Any thanks to a casual remark from one of my former professors, I am now curious about the name of the town itself. I understand that “Bsous” comes originally from a Syriac word, and wonder whether it might be linked to the word “byssus”, which appears in the Old Testament – in Exodus, where it is often translated as “linen” or “wool” or even “yarn”. Byssus is the term for the silk-like threads that some types of mollusks (shelled creatures in the mussel and clam family) secrete to anchor themselves to the sea-floor. (Think this sounds gross? Schedule a visit to the Bsous Silk Museum and ask to meet the silkworms.)

Merriam-Webster tells me that “byssus” comes from Middle English bissus, from Latin byssus, from Greek byssos flax, of Semitic origin; akin to Hebrew būṣ linen cloth. And apparently byssus silk and worm silk were seen as much the same – both somewhat nubbier and more linen-like than the silk we use today, thanks to the difference in hand-spun and machine-spun threads.

You can probably figure out my question. Do any of you know whether “Bsous” the town derives from the same word as “byssus”, and whether there was any ancient connection between its land-based silk-making and sea silk? Bsous isn’t a coastal town, so I’m guessing that the term “byssus”/Bsous was used by analogy, but I’m curious whether it was applied first to silk worms and then to silk clams, or vice versa.

Posted in academia, animals, Arab world, Beirut, bugs, clothing, education, Lebanon, research, sea | 1 Comment »

Hi, you; Intah, hiyak: Seattle ferry names

Posted by adiamondinsunlight on January 19, 2009

Warning: This won’t be funny unless you speak both Arabic and English, and are a bit goofy besides.

Last night we decided to take a post-dinner ferry ride from Seattle to Bainbridge Island and back, so we could enjoy seeing how beautiful the city skyline is at night. Thanks to our unusually efficient planning (and the fact that there was no competition for waterfront parking), we arrived at the Seattle ferry terminal with many minutes to spare – some of which we put to good use reading the “historical timeline” that runs up and down the length of the entrance.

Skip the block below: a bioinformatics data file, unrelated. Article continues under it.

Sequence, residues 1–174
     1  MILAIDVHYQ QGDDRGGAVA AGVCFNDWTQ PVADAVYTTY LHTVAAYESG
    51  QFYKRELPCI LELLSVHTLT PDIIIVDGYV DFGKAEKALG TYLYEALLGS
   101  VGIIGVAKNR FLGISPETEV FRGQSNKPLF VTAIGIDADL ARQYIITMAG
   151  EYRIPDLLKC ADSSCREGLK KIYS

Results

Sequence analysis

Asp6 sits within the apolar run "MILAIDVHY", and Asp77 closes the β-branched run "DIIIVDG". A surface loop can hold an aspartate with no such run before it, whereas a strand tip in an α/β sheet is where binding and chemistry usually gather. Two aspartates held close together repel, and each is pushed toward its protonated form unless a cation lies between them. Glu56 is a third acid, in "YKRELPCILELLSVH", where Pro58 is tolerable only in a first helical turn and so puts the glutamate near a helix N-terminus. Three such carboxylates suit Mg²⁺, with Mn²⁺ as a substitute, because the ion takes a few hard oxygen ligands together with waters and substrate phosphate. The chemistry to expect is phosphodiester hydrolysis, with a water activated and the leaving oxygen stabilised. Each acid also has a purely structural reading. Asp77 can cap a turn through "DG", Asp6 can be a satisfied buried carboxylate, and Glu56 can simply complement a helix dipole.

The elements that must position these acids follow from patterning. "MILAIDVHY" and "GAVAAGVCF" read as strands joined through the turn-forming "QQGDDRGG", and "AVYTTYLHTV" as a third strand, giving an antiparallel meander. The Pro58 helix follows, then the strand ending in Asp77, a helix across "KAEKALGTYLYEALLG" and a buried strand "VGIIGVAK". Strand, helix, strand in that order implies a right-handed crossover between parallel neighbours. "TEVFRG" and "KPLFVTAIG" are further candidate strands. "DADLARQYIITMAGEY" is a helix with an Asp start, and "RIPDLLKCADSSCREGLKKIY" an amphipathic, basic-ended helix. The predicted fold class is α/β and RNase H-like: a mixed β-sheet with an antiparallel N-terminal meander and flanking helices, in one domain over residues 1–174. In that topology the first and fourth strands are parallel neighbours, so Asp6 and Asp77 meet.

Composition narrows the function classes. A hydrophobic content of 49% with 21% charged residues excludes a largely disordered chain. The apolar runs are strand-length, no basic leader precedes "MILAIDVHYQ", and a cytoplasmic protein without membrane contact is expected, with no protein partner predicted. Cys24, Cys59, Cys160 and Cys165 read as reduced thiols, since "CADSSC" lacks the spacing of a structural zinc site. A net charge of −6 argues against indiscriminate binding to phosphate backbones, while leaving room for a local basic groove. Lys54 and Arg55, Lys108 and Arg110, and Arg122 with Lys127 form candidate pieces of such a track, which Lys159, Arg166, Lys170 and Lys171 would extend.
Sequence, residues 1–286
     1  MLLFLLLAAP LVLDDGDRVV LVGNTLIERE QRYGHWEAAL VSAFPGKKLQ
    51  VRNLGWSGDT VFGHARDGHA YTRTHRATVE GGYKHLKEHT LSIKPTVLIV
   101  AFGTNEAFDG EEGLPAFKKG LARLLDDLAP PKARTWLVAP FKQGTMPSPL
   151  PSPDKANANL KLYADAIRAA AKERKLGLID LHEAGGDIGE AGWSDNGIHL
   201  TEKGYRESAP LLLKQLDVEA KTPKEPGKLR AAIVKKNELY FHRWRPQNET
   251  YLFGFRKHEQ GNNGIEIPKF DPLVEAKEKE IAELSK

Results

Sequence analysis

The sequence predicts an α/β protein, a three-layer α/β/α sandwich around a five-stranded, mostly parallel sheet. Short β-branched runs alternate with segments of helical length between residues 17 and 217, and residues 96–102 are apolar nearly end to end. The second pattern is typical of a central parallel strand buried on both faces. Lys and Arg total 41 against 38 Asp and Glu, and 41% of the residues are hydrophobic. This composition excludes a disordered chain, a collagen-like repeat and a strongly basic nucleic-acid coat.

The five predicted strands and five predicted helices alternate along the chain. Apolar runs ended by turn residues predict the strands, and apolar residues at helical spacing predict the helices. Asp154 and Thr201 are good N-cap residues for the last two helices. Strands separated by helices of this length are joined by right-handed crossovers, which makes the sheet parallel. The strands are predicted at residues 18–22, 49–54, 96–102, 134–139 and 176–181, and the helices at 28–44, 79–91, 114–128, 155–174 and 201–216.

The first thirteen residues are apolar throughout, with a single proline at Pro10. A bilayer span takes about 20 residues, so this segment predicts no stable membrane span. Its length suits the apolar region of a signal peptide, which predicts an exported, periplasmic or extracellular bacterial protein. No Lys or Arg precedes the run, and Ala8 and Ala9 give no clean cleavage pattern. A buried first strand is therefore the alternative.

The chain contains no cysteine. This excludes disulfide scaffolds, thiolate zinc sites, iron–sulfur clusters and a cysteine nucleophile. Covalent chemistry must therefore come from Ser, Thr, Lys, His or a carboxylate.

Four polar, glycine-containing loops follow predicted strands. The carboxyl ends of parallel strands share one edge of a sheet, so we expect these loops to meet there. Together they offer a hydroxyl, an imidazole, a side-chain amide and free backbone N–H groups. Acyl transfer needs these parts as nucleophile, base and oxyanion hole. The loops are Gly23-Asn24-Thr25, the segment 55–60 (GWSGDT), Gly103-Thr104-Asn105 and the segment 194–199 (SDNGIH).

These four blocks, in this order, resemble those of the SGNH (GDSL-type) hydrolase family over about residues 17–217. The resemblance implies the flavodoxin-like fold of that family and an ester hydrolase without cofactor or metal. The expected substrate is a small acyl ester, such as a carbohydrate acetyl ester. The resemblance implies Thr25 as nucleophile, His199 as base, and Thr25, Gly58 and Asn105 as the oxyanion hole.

This timeline entry, listing the ferries that were built in the 1960s, made me laugh and laugh:


The first two ferries sound like the start of a conversation in Lebanon: English greetings, but with an Arabic touch.

Hi, you! One person might start.

Intah, hi-ak, the other might respond. The “ak” is the “you” – just like “kifak?” means “how are you”, with “kif” meaning “how”, “ak” meaning “you”, and the “are” implied within the structure of the language.

So: Seattle’s swinging 60’s ferries were way ahead of the linguistic curve :). Who knew?

Posted in Arabic, family, Lebanon, sea, Seattle, time, tourism, words | 1 Comment »

Seattle sparkles

Posted by adiamondinsunlight on January 19, 2009

Seattle was beautiful today – utterly beautiful. I have more to post from this weekend, including shots of a very nice pro-Gaza protest we ran across yesterday – but for now, a shot of the harbor water catching the sunlight this morning:


Taken on the waterfront walkway across from the lower level of the Sculpture Park, which we wandered through this morning as the sun was just beginning to dry off the nighttime damp.

Posted in family, photography, sea, Seattle, weather | Leave a Comment »

a watch named Beirut

Posted by adiamondinsunlight on November 18, 2008

Things seem to be heating up a bit in Lebanon, as what Naharnet is jingoistically calling “the war of the magnetic tapes” shifts into a higher gear. So maybe that’s why the latest Lebanon-related mention in my inbox suggests going underground for a bit – or to be more accurate, going under water.

Did you know that there is a surfing watch model called the Beirut? I certainly didn’t – but now I know that it not only exists, and is made by a company called Rip Curl. I also know that it costs anywhere from $120 to $150, and that it is water-proof to a depth of 100 meters. And its a pretty watch (although sadly it only comes in a men’s version):


If you’re a surfing male looking for a stylish watch named after a mildly dysfunctional Mediterranean city, you can buy it here.

To be fair, the company did not single out Beirut alone. It sells a series of watches named after cities (Munich, Zurich) and neighborhoods (Bel-Air, Bronx).

And I suppose I would prefer to own a surf watch named “Beirut” than one named “Atlanta“.

Posted in advertising, Arab world, Beirut, Lebanon, sea, words | Leave a Comment »

victims and martyrs

Posted by adiamondinsunlight on August 31, 2008

I’ve been enjoying a lovely lovely weekend at home with my parents, enjoying the quiet tranquility of life in suburban Iowa. And since its been a while since I was last here, I’ve also been enjoying the chance to reacquaint myself with the odds and ends that I have been storing here: artwork, clothing, and, of course, a large aghabani collection.